The Second Italo-Ethiopian War, or the Second Italo-Abyssinian War, began on this day in 1935. This war raged on for seven months, ending in the military occupation of the African nation.
At root, the “Abyssinia Crisis,” as it was also called, was years in the making. Europe and its colonization of the African continent had become a key point of contention for many. The League Of Nations, the intergovernmental organization developed to help bring about world peace, was largely ineffective from stopping the growth of the Axis powers of Germany, Italy, Japan, and other nations. The Axis opposed all Western authority and sought to dominate anyone in their path.
The League Of Nations had certain rules and protections in place for member nations. Both Italy and Ethiopia were part of the League, but it could not stop the Italian invasion or aid Ethiopian forces in quelling the takeover.
The “Walwal Incident” in December 1934 was the reason Italian leader Benito Mussolini decided to invade the country. Walwal, an eastern city, sat near a border, where a clash between the Kingdom of Italy and Ethiopia led to the death of 150 Ethiopians and two Italians.
On the eve of the attack, Ethiopian leader Haile Selassie I ordered men from the country to assemble and defend its lands. Although his troops outnumbered Mussolini’s, many of Selassie’s men were armed with primitive weapons and even more had no experience with military operations.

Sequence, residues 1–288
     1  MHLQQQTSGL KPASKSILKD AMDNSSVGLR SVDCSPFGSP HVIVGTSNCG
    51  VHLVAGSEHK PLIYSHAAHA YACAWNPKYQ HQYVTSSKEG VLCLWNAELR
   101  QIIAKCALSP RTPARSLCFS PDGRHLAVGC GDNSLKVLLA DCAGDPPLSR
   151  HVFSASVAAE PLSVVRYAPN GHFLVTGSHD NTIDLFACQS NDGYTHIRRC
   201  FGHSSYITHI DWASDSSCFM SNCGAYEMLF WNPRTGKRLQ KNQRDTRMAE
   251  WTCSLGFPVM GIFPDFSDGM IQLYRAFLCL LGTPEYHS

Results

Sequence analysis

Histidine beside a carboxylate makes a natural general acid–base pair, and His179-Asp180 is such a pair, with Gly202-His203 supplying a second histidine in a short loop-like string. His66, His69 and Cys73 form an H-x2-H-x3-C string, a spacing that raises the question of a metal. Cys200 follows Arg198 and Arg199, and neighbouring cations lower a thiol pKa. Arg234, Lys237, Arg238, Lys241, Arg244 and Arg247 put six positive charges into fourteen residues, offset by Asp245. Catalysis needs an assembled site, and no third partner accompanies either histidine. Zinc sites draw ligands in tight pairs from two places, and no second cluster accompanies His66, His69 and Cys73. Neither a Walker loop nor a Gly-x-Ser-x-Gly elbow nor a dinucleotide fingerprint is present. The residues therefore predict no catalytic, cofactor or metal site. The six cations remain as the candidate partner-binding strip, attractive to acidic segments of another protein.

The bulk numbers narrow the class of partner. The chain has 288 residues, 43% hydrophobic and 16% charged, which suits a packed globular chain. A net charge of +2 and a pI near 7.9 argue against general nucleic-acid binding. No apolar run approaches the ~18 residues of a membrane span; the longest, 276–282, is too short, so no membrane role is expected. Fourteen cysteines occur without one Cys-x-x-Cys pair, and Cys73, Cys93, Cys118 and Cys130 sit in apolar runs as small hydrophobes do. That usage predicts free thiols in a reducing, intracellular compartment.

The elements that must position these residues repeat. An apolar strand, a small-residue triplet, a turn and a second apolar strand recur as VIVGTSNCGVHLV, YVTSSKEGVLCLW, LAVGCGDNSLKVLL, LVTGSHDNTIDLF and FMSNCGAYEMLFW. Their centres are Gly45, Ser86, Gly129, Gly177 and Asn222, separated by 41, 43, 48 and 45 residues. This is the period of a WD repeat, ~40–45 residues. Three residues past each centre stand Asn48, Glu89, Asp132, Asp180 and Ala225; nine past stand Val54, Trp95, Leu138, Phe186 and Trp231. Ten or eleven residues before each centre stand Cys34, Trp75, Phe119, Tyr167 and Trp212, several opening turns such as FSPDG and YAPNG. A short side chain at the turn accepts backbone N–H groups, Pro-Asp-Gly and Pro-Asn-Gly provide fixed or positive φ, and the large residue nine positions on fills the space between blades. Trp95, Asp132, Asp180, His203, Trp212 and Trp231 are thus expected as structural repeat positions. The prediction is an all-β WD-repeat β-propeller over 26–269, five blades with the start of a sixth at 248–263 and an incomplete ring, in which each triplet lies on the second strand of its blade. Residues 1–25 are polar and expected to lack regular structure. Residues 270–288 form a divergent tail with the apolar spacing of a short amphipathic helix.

Mussolini’s forces entered Ethiopia from Eritrea, yet they did not declare war. Selassie took the crossing of borders as an affront and ordered the first of his offensive maneuvers, yet he was continually outgunned by the more experienced and well-equipped Italians.
For the next few months, city upon city fell to Italy and fell under the Fascist rule of Mussolini.
The Ethiopian forces were spirited, however, doing their best to pluck off enemy forces. Mussolini used chemical warfare (pictured) after Ethiopian soldiers down an Italian air pilot, sending a message to Selassie’s army.
The following May, Selassie fled to Europe in exile and did so with the blessing of the Italians who could have stopped his progress. Widespread rioting and looting took place when Selassie took leave, which was quelled by the emergence of Italian forces. Perhaps because of the fatigue of war and the lack of Ethiopian governance, a truce of sorts took place in June.
On June 1, 1936, Italy officially joined Ethiopia with Eritrea and Italian Somaliland. The new state was known as Africa Orientale Italiana (Italian East Africa).